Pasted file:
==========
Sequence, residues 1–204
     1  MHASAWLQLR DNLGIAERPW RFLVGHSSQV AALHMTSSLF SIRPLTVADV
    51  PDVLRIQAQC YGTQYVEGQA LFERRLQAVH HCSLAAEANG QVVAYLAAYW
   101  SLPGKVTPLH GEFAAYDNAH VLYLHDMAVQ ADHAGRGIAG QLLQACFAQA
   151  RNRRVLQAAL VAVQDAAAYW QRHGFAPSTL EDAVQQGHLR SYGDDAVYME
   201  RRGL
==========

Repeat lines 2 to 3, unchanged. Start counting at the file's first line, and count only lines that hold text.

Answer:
     1  MHASAWLQLR DNLGIAERPW RFLVGHSSQV AALHMTSSLF SIRPLTVADV
    51  PDVLRIQAQC YGTQYVEGQA LFERRLQAVH HCSLAAEANG QVVAYLAAYW